Turner fights legal battle over collapse of $25bn Indian development plan

Turner Construction, the US contractor owned by Germany’s Hochtief, has begun legal action to sever its joint venture partnership with Indian conglomerate the Sahara Group and the New Delhi-based investment firm Acropolis Capital. 

The three companies formed their partnership, Sahara Turner Construction, in 2012 with the intention of developing townships in India over a period of 20 years.

Now Turner has begun an arbitration in the International Chamber of Commerce’s court of arbitration in Paris to dissolve the venture on the grounds of non-performance.

Sahara now has to raise $1.7bn to bail its founder, Subrata Roy, from judicial custody

Turner’s legal representative, Robert Peckar, said: "We started the arbitration to terminate the relationship with Sahara and Acropolis on the grounds of the inability of Sahara to execute various township projects, which was the main reason for forming a joint company."

Meanwhile, Sahara Turner Construction has begun an action in the Mumbai branch of the Company Law Board (CLB) against the Indian subsidiary of Turner Construction, alleging oppression and mismanagement.

In its plea, Sahara Turner Construction alleged mismanagement of funds, fraud and misconduct. 

In an email to Indian business website Live Mint, Peckar said: "We believe Sahara group has moved the CLB to divert our attention from the arbitration." He denied the allegations made by the Sahara group in its plea at CLB. "The allegations of mismanagement on the part of Turner are all without merit and are untrue," said Peckar, adding that none of the new townships contemplated by the joint venture had been executed.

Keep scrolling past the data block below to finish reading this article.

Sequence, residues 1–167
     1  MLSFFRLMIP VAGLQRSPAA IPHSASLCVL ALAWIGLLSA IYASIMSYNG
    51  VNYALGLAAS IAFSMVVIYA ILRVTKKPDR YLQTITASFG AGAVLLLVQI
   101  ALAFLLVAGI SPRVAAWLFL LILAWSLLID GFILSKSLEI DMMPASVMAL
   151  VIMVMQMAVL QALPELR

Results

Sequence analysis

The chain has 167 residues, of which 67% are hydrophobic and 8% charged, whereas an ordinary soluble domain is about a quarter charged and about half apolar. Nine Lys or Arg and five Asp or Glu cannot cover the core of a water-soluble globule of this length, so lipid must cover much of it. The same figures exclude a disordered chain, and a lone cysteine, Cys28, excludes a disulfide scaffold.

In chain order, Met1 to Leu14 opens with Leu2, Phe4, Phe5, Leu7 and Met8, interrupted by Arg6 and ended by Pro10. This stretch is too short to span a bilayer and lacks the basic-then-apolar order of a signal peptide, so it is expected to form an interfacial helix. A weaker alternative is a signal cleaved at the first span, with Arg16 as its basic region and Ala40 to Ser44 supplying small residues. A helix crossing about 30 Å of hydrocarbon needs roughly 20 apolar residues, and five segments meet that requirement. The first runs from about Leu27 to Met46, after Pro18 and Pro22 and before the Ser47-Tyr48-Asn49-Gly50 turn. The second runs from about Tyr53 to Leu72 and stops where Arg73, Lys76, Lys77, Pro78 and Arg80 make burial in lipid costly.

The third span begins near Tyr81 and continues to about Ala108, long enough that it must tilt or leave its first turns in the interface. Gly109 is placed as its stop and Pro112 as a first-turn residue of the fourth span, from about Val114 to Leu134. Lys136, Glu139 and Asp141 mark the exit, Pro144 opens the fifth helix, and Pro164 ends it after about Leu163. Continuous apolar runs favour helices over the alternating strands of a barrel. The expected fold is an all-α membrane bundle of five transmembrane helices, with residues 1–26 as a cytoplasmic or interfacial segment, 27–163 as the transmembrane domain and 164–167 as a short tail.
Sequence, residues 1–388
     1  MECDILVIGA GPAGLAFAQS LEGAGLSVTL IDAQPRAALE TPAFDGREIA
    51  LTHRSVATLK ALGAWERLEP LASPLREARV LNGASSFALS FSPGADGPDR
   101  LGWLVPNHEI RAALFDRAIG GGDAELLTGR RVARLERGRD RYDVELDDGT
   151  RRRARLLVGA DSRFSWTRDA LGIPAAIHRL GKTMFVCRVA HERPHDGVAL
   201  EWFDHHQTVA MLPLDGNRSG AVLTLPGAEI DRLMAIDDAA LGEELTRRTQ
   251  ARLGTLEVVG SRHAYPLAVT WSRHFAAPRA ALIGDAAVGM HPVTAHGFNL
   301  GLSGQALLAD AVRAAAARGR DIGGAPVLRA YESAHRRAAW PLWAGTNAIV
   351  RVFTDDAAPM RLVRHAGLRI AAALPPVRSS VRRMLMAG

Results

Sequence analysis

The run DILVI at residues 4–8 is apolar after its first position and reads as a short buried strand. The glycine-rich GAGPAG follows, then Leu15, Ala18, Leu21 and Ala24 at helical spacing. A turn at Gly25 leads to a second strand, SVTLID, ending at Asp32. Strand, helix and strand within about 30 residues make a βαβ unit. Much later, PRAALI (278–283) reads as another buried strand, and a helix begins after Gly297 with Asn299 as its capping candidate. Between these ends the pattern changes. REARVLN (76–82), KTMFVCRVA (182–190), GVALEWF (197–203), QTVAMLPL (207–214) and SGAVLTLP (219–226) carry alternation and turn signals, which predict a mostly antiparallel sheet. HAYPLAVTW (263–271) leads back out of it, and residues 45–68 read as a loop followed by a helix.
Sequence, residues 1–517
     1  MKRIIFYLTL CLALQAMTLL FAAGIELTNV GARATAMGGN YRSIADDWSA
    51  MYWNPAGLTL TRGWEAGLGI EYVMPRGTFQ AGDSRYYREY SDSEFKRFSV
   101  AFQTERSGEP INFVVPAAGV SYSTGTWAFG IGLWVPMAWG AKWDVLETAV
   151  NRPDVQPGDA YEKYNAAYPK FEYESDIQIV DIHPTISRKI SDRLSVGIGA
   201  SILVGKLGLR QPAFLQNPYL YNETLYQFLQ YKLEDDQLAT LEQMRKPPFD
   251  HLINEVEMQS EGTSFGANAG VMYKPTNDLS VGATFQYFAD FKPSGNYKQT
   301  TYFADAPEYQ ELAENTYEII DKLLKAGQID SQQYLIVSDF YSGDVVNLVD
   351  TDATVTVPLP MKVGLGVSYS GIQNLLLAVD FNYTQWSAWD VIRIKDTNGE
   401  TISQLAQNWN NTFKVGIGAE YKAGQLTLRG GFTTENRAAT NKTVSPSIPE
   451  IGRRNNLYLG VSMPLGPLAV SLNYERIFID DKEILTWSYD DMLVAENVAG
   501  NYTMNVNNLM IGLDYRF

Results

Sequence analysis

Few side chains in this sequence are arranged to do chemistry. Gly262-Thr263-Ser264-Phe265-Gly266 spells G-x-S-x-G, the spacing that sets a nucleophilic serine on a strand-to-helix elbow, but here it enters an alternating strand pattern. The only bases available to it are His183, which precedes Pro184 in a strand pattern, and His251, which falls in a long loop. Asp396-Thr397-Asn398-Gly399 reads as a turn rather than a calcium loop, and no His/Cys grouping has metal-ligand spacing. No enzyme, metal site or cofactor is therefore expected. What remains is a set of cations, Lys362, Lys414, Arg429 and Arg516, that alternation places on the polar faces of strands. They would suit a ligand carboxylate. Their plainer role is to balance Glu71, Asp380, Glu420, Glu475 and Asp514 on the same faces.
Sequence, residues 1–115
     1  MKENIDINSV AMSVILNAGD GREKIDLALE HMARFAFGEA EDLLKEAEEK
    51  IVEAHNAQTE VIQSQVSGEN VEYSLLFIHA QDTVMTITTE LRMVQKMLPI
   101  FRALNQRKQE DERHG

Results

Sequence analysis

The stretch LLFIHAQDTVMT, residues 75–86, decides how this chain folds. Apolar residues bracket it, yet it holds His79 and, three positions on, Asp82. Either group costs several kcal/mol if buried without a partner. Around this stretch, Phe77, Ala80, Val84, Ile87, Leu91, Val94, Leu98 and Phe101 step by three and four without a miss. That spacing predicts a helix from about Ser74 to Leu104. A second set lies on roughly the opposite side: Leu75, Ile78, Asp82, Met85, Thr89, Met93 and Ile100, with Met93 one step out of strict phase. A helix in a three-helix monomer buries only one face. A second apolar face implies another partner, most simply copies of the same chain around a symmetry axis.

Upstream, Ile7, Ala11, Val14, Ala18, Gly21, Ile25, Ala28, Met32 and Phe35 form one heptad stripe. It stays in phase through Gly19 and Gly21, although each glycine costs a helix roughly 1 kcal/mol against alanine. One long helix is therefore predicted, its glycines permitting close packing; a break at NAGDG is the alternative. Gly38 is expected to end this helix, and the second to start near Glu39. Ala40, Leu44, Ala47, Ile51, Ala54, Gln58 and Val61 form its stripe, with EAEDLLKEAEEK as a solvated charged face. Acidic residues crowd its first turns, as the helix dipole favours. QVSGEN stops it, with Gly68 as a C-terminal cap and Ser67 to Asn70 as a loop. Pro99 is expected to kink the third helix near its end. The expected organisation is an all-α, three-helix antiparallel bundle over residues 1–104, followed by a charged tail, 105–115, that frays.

In February 2012, when the venture was announced, a press release from the Sahara group said: "The construction volume of Sahara Prime City will reach $25bn over the next 20 years of which $2.5bn will be completed over the next five years. Sahara Turner Construction Ltd will be the preferred contractor for the execution of this entire volume of work." 

The Sahara Group is also embroiled in a legal battle with the Securities and Exchange Board of India in the Supreme Court over capital raised in a share issue, which the regulator claims was done illegally.

Sahara now has to raise $1.7bn to bail its founder, Subrata Roy, from judicial custody. Roy was jailed along with two directors for contempt of court, after he failed to attend a court hearing.

Sahara’s property development subsidiary, Sahara Prime City, holds a 63% stake in the joint venture.

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